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Under the Influence of Oprah

3 minute read
Bill Tancer

Do you have a product to sell, a book to publicize, a new diet to promote? Or perhaps you have aspirations to become the next President of the United States. You could spend millions in marketing, promotion or campaigning… or you could turn your attention to afternoon television. No matter what you’re selling, there’s no greater single guarantee of success than getting yourself booked on the Oprah Winfrey Show.

Democratic presidential hopeful Barack Obama appeared on Oprah on October 18, 2006 and as a result, Internet searches on the Illinois senator vaulted 358% the week following his appearance. Last week, appearing on Larry King Live, Oprah announced that she was backing Obama, the first time she has ever officially endorsed a presidential candidate. If Oprah’s promotional power extends beyond what she’s been capable of doing for books and services, she could have a hand in the next presidential nomination and election. Given the support that Hillary Clinton expects from women, the New York senator should be concerned.

From the demographics of visitors to her site oprah.com, we can get an idea of the typical Oprah follower. For the four weeks ending May 5, 2007, 72.8% of Oprah’s visitors were female, 66.4% of her visitors were 35 or older. Internet users in Obama and Oprah’s home state of Illinois are more than twice as likely to visit the Oprah website than the average American Internet user. Over 35% of Oprah U.S. visitors hail from key voting states; California, Illinois, New York, Texas and Florida.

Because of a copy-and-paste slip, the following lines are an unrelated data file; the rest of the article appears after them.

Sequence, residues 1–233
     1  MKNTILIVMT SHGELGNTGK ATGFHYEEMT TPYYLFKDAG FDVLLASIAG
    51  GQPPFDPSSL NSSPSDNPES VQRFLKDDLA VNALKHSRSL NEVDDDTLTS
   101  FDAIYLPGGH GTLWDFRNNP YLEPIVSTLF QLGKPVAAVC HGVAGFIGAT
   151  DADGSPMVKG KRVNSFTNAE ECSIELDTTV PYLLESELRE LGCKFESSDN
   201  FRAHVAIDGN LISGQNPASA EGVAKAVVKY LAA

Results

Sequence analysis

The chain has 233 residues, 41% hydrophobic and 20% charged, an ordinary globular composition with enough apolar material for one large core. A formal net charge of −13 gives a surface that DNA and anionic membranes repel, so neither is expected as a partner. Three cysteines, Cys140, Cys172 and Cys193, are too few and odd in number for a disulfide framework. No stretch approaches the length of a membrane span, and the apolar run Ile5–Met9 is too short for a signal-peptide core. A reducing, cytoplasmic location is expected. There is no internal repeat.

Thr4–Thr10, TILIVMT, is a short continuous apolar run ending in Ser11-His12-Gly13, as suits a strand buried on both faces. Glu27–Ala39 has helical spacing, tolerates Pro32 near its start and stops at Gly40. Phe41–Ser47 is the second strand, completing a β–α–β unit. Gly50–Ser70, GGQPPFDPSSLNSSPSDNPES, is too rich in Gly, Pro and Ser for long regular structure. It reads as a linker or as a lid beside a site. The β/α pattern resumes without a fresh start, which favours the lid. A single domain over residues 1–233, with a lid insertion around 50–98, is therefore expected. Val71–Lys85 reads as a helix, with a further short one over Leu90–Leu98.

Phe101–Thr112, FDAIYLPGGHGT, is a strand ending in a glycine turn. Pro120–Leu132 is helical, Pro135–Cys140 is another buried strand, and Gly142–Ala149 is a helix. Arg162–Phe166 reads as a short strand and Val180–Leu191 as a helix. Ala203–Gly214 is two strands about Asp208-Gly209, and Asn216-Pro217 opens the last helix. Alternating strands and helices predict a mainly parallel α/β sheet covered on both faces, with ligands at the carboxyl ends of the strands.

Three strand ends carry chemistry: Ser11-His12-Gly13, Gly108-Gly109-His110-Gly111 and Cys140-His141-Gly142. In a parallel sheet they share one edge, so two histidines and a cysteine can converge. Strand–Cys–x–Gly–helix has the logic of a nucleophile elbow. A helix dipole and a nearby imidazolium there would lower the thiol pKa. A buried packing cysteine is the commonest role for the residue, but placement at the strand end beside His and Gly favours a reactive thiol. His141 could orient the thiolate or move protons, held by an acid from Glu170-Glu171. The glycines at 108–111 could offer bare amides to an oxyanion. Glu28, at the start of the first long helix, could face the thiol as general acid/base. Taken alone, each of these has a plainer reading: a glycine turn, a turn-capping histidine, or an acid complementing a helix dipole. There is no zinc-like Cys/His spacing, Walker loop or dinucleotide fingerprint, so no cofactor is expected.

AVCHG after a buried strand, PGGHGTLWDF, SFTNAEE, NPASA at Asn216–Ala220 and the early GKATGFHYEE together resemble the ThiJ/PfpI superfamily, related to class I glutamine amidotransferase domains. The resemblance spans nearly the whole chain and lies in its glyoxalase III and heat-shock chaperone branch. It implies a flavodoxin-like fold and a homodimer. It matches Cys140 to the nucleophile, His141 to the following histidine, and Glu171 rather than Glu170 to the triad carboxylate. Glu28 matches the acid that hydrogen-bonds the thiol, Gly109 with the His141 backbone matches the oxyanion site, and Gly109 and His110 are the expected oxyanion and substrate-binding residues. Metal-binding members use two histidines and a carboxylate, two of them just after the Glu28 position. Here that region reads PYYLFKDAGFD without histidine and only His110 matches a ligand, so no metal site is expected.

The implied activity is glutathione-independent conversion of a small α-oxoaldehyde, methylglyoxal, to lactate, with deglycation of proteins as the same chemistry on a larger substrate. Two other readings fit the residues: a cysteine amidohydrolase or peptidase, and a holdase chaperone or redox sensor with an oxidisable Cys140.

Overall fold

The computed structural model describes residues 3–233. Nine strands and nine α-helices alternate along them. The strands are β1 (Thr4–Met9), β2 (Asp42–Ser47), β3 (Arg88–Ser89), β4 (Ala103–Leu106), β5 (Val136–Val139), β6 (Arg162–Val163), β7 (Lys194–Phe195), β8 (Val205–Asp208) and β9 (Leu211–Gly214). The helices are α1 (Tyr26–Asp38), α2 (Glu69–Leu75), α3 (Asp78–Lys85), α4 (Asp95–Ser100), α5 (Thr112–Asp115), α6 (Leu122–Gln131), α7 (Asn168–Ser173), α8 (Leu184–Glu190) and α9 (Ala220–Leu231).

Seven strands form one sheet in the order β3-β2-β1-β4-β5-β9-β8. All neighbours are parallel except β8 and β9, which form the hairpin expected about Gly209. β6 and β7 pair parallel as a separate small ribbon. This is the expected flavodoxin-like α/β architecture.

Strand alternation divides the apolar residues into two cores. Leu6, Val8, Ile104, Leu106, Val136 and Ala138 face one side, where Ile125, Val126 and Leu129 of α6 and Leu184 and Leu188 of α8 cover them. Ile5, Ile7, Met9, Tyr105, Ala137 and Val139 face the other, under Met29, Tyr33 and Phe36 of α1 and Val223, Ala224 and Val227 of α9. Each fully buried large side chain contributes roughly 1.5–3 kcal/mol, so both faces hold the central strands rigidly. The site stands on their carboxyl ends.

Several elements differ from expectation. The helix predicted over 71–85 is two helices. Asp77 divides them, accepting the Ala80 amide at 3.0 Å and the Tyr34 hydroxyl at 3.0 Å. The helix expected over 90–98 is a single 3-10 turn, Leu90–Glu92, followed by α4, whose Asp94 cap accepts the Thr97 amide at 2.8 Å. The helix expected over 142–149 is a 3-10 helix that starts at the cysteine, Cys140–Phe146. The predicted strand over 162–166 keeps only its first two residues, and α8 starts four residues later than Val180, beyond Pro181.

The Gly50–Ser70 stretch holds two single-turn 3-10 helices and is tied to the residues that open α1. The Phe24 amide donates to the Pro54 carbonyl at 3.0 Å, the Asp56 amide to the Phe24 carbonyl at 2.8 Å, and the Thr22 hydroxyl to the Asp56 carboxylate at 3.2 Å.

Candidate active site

Oprah’s power to persuade extends to a multitude of products and services, from the lemon drop martini she sipped in her garden episode (27th most popular term sending visits to Oprah’s site), to the seemingly contradictory interest in foods like “banana pudding,” and “Rachael Ray’s 5 minute fudge” with dieting advice from “Dr. Bob Greene” and “Dr. Oz(‘s)” “You on a Diet.” Search term data indicates that immediately following the appearance on the show, searches for a book, diet or personality will reach the stratosphere.

Search term data also reveals the most popular topics for Winfrey’s demographic. After searches on Oprah’s name, by far the most popular query sending visits to her site was the term “the secret,” referring to a self-help book by February 8, 2007 guest Rhonda Byrne. The Secret, which has been on the bestseller list for 16 weeks since being featured on Oprah, argues that all you need to do to change anything in your life is to visualize that change.

While The Secret has been criticized as a collection of self-help clichés that oversimplify the path to self improvement, the juxtaposition of Oprah’s promotional power with the concept that you can create your own reality by simply thinking it creates an interesting scenario: want to become the next President of the United States? Here’s the prescription, simply visualize yourself as a guest on the Oprah Winfrey Show.

Bill Tancer is general manager of global research at Hitwise.

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